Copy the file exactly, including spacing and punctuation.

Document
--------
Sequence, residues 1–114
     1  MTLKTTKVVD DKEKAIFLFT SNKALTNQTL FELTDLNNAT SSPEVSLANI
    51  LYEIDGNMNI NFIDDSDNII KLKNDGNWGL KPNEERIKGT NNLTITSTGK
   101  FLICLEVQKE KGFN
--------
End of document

Sequence, residues 1–114
     1  MTLKTTKVVD DKEKAIFLFT SNKALTNQTL FELTDLNNAT SSPEVSLANI
    51  LYEIDGNMNI NFIDDSDNII KLKNDGNWGL KPNEERIKGT NNLTITSTGK
   101  FLICLEVQKE KGFN